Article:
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Cutting the costs of attrition: Results from the Indonesia Family Life Survey

  • Thomas, Duncan
  • Witoelar, Firman
  • Frankenberg, Elizabeth
  • Sikoki, Bondan
  • Strauss, John
  • Sumantri, Cecep
  • Suriastini, Wayan

Attrition is the Achilles heel of longitudinal surveys. Drawing on our experience in the Indonesia Family Life Survey (IFLS), we describe survey design and field strategies that contributed to minimizing attrition over four waves of the survey. The data are used to illustrate the selectivity of respondents who attrit from the survey and, also the selectivity of respondents who move from the place they were interviewed at baseline and are subsequently interviewed in a new location. The results provide insights into the nature of selection that will arise in studies that fail to track and interview movers. Attrition, and types of attrition, are related in complex ways to a broad array of characteristics measured at baseline. In addition, the evidence suggests attrition may be related to characteristics that are not observed in our baseline. Integrating IFLS with data from a Survey of Surveyors, we describe characteristics of both the interviewers and the interview that predict attrition in later waves. These characteristics point to possible strategies that may reduce levels of attrition and may also reduce the impact of attrition on the interpretation of behavioral models estimated with longitudinal data.

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Article provided by Elsevier in its journal Journal of Development Economics.

Volume (Year): 98 (2012)
Issue (Month): 1 ()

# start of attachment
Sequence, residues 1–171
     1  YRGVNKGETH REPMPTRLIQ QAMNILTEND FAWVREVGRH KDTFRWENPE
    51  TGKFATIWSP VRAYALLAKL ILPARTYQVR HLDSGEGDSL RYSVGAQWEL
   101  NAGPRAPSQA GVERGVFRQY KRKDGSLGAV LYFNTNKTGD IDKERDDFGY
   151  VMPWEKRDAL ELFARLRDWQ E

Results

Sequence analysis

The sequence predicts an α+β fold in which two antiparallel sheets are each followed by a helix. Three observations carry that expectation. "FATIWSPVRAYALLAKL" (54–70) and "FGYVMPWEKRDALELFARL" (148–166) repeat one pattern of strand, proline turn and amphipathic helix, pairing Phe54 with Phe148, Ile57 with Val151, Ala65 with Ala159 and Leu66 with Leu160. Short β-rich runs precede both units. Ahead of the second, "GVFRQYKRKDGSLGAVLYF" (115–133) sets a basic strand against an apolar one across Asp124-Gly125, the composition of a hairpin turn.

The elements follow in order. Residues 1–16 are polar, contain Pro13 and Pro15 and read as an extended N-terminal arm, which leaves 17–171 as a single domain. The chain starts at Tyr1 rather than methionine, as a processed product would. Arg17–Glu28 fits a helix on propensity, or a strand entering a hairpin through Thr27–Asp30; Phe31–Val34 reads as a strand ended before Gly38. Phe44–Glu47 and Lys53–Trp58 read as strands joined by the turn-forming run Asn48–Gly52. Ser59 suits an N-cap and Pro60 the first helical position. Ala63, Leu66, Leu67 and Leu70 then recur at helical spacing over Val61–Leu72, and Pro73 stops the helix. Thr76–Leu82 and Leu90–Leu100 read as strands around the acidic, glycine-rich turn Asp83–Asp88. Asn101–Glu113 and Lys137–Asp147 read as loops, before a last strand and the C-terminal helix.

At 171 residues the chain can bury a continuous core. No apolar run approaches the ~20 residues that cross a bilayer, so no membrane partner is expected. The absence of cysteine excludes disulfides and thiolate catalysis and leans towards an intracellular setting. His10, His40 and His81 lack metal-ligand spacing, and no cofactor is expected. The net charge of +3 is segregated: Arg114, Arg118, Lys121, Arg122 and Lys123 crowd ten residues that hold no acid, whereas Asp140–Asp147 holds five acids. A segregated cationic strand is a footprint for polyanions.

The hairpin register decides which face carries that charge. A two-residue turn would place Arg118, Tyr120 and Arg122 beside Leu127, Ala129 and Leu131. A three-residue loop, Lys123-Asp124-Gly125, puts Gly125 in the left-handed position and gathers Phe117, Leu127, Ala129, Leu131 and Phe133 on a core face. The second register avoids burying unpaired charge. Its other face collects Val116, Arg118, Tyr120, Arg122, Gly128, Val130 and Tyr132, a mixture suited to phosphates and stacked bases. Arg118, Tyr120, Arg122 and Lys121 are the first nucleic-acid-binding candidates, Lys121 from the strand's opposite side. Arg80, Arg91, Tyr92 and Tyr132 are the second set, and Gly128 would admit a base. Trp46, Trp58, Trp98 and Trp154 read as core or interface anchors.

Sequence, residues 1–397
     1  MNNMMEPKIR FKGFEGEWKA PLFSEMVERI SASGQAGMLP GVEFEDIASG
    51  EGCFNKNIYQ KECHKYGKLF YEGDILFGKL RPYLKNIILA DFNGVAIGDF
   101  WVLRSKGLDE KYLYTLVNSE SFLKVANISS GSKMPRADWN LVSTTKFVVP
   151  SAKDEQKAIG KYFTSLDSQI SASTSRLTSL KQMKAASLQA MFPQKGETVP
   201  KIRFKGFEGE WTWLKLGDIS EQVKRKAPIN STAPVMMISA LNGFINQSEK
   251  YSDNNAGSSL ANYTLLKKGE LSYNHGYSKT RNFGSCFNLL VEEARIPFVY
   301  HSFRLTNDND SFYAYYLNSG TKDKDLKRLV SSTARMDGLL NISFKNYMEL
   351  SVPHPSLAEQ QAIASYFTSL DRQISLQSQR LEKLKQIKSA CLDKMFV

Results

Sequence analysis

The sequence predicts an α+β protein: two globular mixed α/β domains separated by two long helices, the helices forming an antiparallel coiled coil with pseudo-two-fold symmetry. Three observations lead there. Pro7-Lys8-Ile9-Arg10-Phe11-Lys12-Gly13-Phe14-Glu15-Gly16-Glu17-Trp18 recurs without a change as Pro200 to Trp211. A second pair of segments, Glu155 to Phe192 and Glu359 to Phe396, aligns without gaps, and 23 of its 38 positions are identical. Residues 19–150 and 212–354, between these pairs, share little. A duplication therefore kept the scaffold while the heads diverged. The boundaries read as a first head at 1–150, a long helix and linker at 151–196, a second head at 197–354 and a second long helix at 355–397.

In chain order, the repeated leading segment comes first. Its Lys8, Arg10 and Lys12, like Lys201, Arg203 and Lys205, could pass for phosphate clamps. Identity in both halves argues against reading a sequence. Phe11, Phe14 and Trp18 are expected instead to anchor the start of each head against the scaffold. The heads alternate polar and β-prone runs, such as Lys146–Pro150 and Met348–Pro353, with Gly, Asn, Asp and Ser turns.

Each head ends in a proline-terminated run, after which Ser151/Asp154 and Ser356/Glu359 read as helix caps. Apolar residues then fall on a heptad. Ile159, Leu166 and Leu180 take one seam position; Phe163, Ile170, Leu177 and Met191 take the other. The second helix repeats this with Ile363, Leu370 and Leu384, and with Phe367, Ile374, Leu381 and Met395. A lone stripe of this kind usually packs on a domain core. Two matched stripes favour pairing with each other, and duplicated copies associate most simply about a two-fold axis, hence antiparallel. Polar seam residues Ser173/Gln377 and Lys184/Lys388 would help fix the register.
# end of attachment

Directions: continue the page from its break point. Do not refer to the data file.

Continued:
Pages: 108-123

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Handle: RePEc:eee:deveco:v:98:y:2012:i:1:p:108-123
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  1. John Fitzgerald & Peter Gottschalk & Robert Moffitt, 1998. "An Analysis of Sample Attrition in Panel Data: The Michigan Panel Study of income Dynamics," Economics Working Paper Archive 379, The Johns Hopkins University,Department of Economics.
  2. Duncan Thomas & Elizabeth Frankenberg & James P. Smith, 2004. "Lost but Not Forgotten: Attrition and Follow-up in the Indonesia Family Life Survey," Labor and Demography 0408007, EconWPA.
  3. Becketti, Sean, et al, 1988. "The Panel Study of Income Dynamics after Fourteen Years: An Evaluatio n," Journal of Labor Economics, University of Chicago Press, vol. 6(4), pages 472-92, October.
  4. Daniel H. Hill & Robert J. Willis, 2001. "Reducing Panel Attrition: A Search for Effective Policy Instruments," Journal of Human Resources, University of Wisconsin Press, vol. 36(3), pages 416-438.
  5. John A. Maluccio, 2004. "Using Quality of Interview Information to Assess Nonrandom Attrition Bias in Developing-Country Panel Data," Review of Development Economics, Wiley Blackwell, vol. 8(1), pages 91-109, 02.
  6. Mark R. Rosenzweig, 2003. "Payoffs from Panels in Low-Income Countries: Economic Development and Economic Mobility," American Economic Review, American Economic Association, vol. 93(2), pages 112-117, May.
  7. Thomas MaCurdy & Thomas Mroz & R. Mark Gritz, 1998. "An Evaluation of the National Longitudinal Survey on Youth," Journal of Human Resources, University of Wisconsin Press, vol. 33(2), pages 345-436.
  8. Jeffrey E. Zabel, 1998. "An Analysis of Attrition in the Panel Study of Income Dynamics and the Survey of Income and Program Participation with an Application to a Model of Labor Market Behavior," Journal of Human Resources, University of Wisconsin Press, vol. 33(2), pages 479-506.
  9. Rosenzweig, Mark R., 1988. "Labor markets in low-income countries," Handbook of Development Economics, in: Hollis Chenery & T.N. Srinivasan (ed.), Handbook of Development Economics, edition 1, volume 1, chapter 15, pages 713-762 Elsevier.
  10. Falaris, Evangelos M., 2003. "The effect of survey attrition in longitudinal surveys: evidence from Peru, Cote d'Ivoire and Vietnam," Journal of Development Economics, Elsevier, vol. 70(1), pages 133-157, February.
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